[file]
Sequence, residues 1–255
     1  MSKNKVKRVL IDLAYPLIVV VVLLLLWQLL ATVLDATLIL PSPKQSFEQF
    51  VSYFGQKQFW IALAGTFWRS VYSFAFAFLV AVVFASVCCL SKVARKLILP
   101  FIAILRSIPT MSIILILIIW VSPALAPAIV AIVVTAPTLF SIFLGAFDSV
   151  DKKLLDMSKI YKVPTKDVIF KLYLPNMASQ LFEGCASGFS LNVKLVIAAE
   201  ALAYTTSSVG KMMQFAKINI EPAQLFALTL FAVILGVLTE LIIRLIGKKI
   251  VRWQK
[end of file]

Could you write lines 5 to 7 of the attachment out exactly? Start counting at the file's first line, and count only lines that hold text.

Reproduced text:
   151  DKKLLDMSKI YKVPTKDVIF KLYLPNMASQ LFEGCASGFS LNVKLVIAAE
   201  ALAYTTSSVG KMMQFAKINI EPAQLFALTL FAVILGVLTE LIIRLIGKKI
   251  VRWQK